PITTSBURG – There’s guys that fish for sturgeon, and then there’s fishermen that fish for sturgeon.
Want to know what kind of guys fish this derby? Fishermen.
A football coach calls one of his best players on the team, a football player. When I meet an angler that’s at the top of his craft, I call him a fisherman.
Here’s the statistics for the Spring Addathon according to the derby organizer, Andy Doudna. “A total of 110 sturgeon were landed by 27 teams which included 49 shakers, 39 slot sizers, and 22 oversize.” Pretty amazing.
But what’s more amazing is these fishermen fought through some of the worst weather our region has seen in recent memory. Hail, rain, wind, thunderstorms, and day time temperatures only rose to a mere 50 degrees.
Sounds like a great time to fish a derby that lasts 30 hours long, right? Separate guys that fish from the guys that are fishermen.
The winning team consisted of Dustin Pestana and Kyle Dryer of Brentwood, scoring eight shakers, ten slot, and six oversize sturgeon.
When I asked Dustin if they ever took cover in small water during the storms, he laughed.
“We stayed in big water the whole time. We found a good stream of fish in Suisun Bay and we just grinded it out. Wind, rain, hail, thunderstorms, dude. It was absolutely brutal.”
The second place team consisted of Anthony Cave DeFilippo and Duncan Berseth of Citrus Heights coming in with seven shakers, nine slot and five oversize sturgeon.
When I talked to Anthony this week, he mentioned struggling to find fish.
“The water was muddy and it took a while but once we found them, they were eating. Grass shrimp worked good.”
DeFilippo and his partner also stayed in big water despite the conditions.
“We fished the Horseshoe and the Creek in Suisun Bay. We sat through the wind and the waves,” he said.
Just to give the you an idea of the conditions during the derby: At 1:30PM on Saturday, the Port Chicago wind buoy was showing a steady 18 knots per hour with gusts to 25 knots.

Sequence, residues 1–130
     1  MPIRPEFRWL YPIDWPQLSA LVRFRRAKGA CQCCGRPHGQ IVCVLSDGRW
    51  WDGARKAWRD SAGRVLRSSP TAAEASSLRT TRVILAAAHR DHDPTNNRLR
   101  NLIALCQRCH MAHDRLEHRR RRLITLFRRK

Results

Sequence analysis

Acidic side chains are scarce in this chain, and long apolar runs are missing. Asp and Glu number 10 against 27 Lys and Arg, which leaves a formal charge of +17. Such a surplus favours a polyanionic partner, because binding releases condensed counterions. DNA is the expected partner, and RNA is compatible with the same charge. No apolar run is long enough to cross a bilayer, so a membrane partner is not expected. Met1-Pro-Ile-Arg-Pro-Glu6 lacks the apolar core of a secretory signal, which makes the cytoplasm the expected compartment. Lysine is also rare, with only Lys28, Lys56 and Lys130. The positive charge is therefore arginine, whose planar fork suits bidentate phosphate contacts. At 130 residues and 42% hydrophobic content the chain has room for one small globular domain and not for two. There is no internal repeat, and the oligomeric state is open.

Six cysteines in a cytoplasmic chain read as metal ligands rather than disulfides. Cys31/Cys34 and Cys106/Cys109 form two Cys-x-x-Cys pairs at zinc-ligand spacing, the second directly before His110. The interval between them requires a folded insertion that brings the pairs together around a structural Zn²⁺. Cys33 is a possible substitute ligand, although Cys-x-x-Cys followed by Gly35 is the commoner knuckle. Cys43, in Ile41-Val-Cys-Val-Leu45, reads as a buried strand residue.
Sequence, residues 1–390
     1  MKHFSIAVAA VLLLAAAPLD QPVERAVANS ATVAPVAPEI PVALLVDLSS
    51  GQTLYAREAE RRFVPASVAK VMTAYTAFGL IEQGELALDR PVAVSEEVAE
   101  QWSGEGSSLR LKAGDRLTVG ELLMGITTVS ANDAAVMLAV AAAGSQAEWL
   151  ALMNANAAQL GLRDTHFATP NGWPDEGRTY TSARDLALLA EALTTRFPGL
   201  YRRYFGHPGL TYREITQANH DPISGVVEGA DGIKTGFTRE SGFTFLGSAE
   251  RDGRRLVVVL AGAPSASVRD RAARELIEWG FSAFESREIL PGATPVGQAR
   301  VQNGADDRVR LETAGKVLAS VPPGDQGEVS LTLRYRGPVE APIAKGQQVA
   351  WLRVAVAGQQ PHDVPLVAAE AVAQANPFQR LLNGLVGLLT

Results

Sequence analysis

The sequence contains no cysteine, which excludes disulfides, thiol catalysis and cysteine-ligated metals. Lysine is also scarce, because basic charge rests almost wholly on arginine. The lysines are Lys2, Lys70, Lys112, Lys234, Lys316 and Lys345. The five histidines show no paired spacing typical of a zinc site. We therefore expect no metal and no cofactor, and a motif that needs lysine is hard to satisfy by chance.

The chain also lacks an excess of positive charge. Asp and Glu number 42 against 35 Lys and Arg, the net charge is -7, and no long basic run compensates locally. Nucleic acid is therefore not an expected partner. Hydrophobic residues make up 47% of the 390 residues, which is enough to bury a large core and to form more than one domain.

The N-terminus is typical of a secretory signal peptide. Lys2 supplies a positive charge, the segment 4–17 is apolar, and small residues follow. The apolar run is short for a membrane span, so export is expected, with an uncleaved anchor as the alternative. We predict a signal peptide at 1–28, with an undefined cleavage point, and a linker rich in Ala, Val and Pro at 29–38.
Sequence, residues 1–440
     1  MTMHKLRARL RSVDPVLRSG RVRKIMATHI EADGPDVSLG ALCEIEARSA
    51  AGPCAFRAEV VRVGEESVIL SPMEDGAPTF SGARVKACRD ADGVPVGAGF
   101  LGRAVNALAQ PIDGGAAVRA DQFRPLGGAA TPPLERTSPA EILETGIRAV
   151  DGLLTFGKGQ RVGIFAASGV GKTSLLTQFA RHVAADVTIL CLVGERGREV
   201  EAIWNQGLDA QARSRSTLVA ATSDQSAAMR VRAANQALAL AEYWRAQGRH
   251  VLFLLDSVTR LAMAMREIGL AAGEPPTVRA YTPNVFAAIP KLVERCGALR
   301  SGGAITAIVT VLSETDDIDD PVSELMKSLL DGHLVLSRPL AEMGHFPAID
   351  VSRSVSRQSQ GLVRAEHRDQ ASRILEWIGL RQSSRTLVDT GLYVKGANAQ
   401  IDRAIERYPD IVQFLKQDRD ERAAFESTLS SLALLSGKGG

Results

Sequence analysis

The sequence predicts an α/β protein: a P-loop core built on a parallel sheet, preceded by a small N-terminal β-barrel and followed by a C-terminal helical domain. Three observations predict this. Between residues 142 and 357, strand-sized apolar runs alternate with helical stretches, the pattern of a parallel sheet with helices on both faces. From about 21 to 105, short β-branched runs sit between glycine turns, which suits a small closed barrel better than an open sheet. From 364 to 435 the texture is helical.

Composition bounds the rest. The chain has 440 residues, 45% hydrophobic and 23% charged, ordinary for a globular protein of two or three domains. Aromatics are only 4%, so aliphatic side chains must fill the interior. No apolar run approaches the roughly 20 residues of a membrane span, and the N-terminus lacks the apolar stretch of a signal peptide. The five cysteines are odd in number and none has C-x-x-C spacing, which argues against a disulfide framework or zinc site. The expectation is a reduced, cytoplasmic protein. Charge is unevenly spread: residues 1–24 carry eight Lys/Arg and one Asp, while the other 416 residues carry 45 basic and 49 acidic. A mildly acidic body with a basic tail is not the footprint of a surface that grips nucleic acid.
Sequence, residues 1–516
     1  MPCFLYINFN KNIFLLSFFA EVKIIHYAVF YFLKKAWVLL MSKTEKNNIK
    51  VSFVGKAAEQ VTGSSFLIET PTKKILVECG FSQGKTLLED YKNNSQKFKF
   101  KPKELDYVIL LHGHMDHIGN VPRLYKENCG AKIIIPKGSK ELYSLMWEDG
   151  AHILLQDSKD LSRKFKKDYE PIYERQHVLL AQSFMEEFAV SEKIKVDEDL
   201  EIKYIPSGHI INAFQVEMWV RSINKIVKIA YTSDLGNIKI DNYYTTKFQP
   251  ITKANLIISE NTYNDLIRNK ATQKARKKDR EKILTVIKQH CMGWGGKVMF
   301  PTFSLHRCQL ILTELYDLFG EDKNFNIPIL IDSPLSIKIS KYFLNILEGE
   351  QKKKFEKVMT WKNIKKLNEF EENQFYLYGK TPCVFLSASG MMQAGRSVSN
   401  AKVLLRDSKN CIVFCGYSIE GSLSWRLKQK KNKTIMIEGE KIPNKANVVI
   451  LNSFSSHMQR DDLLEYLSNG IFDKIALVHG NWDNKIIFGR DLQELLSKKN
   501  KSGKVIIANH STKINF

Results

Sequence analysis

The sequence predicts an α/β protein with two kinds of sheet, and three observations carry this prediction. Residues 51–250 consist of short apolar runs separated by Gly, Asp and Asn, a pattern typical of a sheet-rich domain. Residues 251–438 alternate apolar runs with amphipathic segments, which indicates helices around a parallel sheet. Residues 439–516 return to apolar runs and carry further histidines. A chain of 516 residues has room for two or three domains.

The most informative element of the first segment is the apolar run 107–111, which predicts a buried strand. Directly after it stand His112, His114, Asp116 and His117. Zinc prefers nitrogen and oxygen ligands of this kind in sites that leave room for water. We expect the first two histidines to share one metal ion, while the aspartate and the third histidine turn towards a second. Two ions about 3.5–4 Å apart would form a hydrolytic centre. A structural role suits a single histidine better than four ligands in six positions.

Flags were blowing inside Pittsburg Marina where Doudna and I waited out the weather during slack tide. Imagine what Suisun Bay looked and felt like for DeFilippo and Berseth, and all the rest of the competitors.
Third place consisted of father and son duo Dennis Peidade Sr. and Jr., with two shakers, six slot and two oversize sturgeon.
The first thing Piedade Sr talked about during our conversation was the weather.
“It was miserable out there! I felt sorry for the guys having to fish in the thunderstorm! The rain and hail was coming down hard,” he related.
“We mainly fished in the Horseshoe. The outgoing tide was better overall. We used salmon roe, but had out ghost and grass shrimp out. My son caught a striper on the shrimp,” Piedade Sr. said.
30 hours of fishing through wind, chop, rain, hail, thunderstorms and cold temperatures is not easy. That’s why I call all the anglers that have fished the Addathon Derby in the past or present, fishermen. It takes a certain breed of animal to stay competitive in this derby.
Andy Doudna related to another element that made fishing difficult during the derby.
“All winter long we’ve had the warm temperatures, but what’s key is we’ve had a good influx of freshwater that flushed into the Delta. That along with the sudden drop in temperatures really made for tough fishing,” he related.
The Addathon Ironman Sturgeon derby is held bi-annually during the spring and fall and remains the only 100% catch-and-release sturgeon derby of its kind in Northern California.
Many of us are familiar of the term, slayer – a word to describe guys that are good at fishing. But I think the guys that fish Addathon deserve to be called fisherman, because everyone I’ve met that’s fished this derby are class acts and they really care about the state of California’s sturgeon population.
For more information on the Addathon Ironman Sturgeon Derby, check out the Facebook page or e-mail Andy Doudna at firstname.lastname@example.org.